Volume 29, Issue 7, July 1957
Index of content:
29(1957); http://dx.doi.org/10.1121/1.1909052View Description Hide Description
The acoustical design of a church auditorium is of equal importance to that of the architectural design. It is essential, then, that the acoustical design follow the principles of projecting sound from the source to the listeners with maximum fidelity both for the listeners and for the performers. Church acoustics has varied from the dead, low reverberent type at one extreme to the excessively reverberant type at the other extreme. In between these extremes there is a range of good listening conditions for music and speech, for all types of liturgy. Longer reverberant times than usual are recommended for small and medium size auditoriums. The enhancement effect of reverberation on musical tones is shown to be related to the optimum reverberation characteristic. A new design of church auditorium is submitted which is interesting in its novelty, and is still practical from a modern architectural point of view.
Organ design has passed through extremes such as the pure romantic and the baroque. Either in its extreme is undesirable for general church use. Space requirements for organs and some principles of organ design including the design of mixtures to meet any reasonable acoustic condition are given. This paper is given to stress the musical point of view of church design to the acoustician and architect so that extremes in acoustics will be avoided in the future.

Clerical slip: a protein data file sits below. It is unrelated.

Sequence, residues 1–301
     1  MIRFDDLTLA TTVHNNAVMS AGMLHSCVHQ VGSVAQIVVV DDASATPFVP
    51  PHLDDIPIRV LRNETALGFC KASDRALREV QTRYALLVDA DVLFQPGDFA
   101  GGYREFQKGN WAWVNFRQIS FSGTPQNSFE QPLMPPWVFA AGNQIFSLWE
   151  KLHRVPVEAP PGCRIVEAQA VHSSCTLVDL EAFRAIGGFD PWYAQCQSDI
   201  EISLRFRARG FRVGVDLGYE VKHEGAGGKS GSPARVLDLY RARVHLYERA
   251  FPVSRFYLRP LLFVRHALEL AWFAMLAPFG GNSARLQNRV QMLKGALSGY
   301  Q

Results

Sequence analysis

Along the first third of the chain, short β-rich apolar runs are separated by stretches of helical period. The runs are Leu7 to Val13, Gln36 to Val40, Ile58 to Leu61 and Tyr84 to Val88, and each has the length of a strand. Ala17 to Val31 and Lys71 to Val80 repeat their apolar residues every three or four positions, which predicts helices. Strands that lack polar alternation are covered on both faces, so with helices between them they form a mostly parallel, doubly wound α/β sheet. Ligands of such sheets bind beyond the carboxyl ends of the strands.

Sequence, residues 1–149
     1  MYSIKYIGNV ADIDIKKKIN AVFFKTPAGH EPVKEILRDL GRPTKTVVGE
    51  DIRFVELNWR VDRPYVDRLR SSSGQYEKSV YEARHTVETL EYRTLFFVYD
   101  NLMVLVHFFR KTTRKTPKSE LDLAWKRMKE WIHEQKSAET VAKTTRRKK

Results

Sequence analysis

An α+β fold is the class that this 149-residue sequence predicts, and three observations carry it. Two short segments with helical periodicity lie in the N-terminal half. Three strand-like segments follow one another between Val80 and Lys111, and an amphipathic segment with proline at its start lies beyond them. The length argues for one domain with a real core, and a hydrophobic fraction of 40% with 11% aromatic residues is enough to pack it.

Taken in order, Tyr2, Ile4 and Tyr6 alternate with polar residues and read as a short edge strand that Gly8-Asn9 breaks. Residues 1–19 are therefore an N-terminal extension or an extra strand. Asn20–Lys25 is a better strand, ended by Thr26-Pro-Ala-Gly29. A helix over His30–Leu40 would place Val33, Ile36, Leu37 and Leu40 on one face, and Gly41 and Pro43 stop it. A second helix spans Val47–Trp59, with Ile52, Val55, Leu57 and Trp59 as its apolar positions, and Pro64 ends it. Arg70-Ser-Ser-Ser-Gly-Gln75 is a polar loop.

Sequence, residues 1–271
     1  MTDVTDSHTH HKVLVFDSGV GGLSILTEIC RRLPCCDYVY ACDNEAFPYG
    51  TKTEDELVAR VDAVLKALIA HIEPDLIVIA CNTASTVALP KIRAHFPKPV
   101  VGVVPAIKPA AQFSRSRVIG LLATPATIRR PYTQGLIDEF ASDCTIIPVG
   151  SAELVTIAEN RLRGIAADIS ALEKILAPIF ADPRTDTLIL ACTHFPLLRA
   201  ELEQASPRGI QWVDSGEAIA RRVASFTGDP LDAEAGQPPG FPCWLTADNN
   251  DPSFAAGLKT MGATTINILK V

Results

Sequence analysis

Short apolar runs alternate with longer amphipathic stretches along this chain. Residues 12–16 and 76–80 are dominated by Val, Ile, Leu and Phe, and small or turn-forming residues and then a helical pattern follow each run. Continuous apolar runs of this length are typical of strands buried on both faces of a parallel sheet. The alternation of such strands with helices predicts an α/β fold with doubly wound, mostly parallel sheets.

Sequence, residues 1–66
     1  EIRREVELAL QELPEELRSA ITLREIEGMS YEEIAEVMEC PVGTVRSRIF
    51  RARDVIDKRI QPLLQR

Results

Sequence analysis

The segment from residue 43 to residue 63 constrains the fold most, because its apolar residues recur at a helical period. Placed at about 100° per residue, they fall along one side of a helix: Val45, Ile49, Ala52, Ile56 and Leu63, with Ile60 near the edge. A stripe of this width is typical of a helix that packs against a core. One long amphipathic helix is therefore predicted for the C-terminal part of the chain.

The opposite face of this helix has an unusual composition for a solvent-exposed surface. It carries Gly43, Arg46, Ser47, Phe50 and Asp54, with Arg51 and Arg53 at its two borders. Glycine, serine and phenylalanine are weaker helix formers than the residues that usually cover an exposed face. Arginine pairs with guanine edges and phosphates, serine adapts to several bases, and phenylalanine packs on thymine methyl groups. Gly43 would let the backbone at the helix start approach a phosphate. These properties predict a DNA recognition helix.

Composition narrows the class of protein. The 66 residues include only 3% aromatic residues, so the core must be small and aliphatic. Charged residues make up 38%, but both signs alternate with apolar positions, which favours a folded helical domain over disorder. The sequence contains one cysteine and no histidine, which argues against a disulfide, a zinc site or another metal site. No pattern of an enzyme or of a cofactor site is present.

29(1957); http://dx.doi.org/10.1121/1.1909054View Description Hide Description
This note describes some measurements on the network representing the basilar membrane, which were made to determine the effect of the position of excitation on the response of the cochlear partition. It was found that the response of the electrical model is insensitive to the position of excitation if the excitation is applied on the stapes side of the point of maximum response. If the excitation is applied on the helicotrema side, the response is highly localized around the point of excitation and has an over‐damped character.
29(1957); http://dx.doi.org/10.1121/1.1909056View Description Hide Description
Underwater hearing thresholds were measured at frequencies of 250, 500, 1000, 2000, and 4000 cps on four Aqualung equipped divers with normal hearing in air. In the frequency range investigated, the minimum audible fields underwater are from 44 to 60 db greater than the minimum audible fields in air, and the shape of the threshold vs frequency curve is different.
29(1957); http://dx.doi.org/10.1121/1.1909058View Description Hide Description